Etna is a hyperactive volcano with over 3,500 years of historically documented eruptions. The volcano has been erupting on and off since September 2013. Since September 2019, it’s been erupting from its various summit craters virtually continuously. In December 2020, Etna’s explosive activity and lava output began to spike, and in February 2021, it has been launching fluid lava skywards.

Etna is an unusual volcano in that it can produce explosive eruptions of runny lava and release slower flowing, thick lava flows. Scientists are still trying to work out why this is the case.

The magma from the latest eruption appears to be coming up from deep within the mantle. Extremely hot, fluid magma is rapidly rising through the network of conduits within and below the volcano. However, there is another factor that is contributing to the current explosive eruptions.

There are high quantities of water vapour in Etna’s magma, which makes it explosive. The water does not cool the magma. As the molten magma approaches the surface, the pressure drops, and the bubble of water vapour expands violently, leading to lava being ejected out of the volcano.

Following each explosive lava fountain , less gassy magma lingers just below the vent. This is then cleared when a new volley of gassy magma rises from below. These explosive eruptions are known as volcanic paroxysms.

Authorities have reported no danger to the nearby towns, however, local airports have been temporarily closed, as has the airspace around the volcano. Etna’s last major eruption was in 1992. Despite the explosive nature of the recent eruption, there is no risk to the population, other than from the ash that covers buildings and smoke that can, after a few hours, cause breathing problems. In March 2017 vulcanologists, tourists and a BBC film crew were injured during an eruption when a flow of lava ran into snow, producing superheated steam that sent fragments of rock flying in all directions.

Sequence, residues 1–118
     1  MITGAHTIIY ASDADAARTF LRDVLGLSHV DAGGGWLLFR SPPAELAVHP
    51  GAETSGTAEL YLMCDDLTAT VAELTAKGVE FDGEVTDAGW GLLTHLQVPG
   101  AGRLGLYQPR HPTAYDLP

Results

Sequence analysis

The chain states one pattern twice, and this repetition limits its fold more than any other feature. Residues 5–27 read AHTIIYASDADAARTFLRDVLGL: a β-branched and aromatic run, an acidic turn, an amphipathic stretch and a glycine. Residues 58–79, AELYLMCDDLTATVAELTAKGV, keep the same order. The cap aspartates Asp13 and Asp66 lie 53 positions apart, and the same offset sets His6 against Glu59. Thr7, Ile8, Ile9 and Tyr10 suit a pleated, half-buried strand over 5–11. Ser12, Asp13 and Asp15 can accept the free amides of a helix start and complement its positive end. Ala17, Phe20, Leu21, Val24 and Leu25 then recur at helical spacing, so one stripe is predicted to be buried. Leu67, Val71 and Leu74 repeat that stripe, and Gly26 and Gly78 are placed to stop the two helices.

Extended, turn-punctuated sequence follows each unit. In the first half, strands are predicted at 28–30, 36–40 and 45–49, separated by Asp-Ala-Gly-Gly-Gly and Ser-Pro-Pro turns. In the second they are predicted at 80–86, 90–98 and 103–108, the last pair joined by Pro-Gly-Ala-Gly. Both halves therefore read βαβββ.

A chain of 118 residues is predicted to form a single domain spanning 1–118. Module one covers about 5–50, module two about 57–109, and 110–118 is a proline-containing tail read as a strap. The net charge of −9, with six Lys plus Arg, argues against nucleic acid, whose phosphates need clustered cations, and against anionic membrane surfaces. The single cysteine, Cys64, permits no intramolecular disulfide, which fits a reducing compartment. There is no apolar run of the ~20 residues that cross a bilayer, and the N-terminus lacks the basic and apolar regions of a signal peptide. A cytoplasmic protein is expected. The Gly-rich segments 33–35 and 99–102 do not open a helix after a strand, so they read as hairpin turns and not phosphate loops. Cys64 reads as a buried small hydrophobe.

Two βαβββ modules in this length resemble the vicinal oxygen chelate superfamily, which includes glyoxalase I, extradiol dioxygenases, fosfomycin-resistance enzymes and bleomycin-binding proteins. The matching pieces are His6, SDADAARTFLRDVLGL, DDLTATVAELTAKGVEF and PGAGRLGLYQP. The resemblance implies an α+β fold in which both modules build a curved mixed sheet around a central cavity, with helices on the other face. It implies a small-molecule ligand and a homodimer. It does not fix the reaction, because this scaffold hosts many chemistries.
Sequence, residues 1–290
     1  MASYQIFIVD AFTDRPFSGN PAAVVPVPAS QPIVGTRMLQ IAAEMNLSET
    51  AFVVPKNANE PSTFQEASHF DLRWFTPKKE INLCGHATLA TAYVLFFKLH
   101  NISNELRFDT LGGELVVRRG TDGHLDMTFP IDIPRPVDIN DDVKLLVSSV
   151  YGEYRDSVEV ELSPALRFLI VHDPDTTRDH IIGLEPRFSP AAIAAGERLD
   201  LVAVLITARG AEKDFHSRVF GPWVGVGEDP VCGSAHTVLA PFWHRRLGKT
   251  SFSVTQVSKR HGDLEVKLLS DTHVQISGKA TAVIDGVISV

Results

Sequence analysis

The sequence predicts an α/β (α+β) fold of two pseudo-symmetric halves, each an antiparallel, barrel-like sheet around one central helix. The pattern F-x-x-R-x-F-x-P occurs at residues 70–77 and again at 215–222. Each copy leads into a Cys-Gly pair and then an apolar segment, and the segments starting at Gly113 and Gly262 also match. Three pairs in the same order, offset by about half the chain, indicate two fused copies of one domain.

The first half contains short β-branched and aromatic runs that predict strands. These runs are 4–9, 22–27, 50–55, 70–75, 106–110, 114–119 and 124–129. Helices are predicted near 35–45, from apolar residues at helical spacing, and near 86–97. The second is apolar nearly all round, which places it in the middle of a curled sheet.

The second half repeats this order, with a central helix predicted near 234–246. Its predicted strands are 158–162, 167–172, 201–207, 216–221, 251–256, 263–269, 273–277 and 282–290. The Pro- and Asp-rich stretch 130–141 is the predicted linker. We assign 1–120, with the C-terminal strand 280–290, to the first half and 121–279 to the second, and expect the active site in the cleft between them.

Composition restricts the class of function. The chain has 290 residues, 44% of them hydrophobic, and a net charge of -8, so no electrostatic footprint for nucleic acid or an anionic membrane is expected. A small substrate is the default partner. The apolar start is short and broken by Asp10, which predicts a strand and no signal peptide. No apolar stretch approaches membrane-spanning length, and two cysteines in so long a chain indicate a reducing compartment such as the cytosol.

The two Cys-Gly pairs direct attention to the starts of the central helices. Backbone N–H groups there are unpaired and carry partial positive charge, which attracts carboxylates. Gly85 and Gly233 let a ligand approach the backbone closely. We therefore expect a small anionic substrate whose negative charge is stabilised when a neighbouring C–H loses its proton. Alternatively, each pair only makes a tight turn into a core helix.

Further reading For a Volcanologist Living on Mount Etna, the Latest Eruption Is a Delight  – Advisory – this article contains expletives (swear words).

In Pictures: Mount Etna eruption lights up Sicily’s night sky

Mount Etna: BBC crew caught up in volcano blast

Mount Etna illuminates night sky with 1,500-metre lava fountain

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mount etna eruption case study

Volcanoes ~ GCSE Geography

mount etna eruption case study

Mt. Etna, Sicily (Case Study of a Volcano in an ME

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The generally accepted explanation for the formation of Mt. Etna is the subduction of part of the northward-moving African Plate beneath the Eurasian Plate.

Mount Etna case study

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Mt Etna Case Study 2012

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The photo above shows snow-capped Mount Etna belching smoke and ash during the morning of March 4. 2012. as viewed from Catania. on the island of Sicily in Italy. This was actually Etna’s third eruption episode of 2012. The source of the pictured eruption was a new cinder cone on the southeast flank of this stratovolcano ’s primary crater.

Wednesday. January 4. 2012. MEDC Comparison Case Study- (Mount. Etna) MEDC Case Study- Mount. Etna. Italy. Diagram explanation of the cause of Mount Etna eruptions. Diagram. Stages. The denser Eurasian plate is subducted under the lighter African plate. forming a . subduction zone. The denser Eurasian plate is destroyed under the immense heat and pressure turning it into lava . The …

Geography Case Study: Mount Etna. Sicily Mount Etna in Sicily. Location: NE Sicily. Italy. More than 25% of Sicily’s population live on Etna’s slopes. with Catania city at its base. The Volcano: Active. composite (stratovolcano). formed by the Eurasian plate subducting beneath the African. 3350m in height and growing. Key . . .